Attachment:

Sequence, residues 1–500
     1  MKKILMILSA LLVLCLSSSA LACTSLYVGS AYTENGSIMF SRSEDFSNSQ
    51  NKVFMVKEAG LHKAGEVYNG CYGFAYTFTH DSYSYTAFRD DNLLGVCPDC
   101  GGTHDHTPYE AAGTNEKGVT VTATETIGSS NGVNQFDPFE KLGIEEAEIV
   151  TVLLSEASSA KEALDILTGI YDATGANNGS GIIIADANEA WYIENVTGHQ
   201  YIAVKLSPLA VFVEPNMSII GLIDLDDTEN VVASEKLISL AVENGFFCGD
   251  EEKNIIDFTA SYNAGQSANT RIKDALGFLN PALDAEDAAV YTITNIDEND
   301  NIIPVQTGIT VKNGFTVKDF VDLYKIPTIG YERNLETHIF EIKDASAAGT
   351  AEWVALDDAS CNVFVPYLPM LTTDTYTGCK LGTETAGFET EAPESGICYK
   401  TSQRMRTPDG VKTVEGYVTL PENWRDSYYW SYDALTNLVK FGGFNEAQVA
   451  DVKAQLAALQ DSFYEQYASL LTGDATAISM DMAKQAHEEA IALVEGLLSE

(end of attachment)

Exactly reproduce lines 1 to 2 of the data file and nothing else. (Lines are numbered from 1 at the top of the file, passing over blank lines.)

Sequence, residues 1–500
     1  MKKILMILSA LLVLCLSSSA LACTSLYVGS AYTENGSIMF SRSEDFSNSQ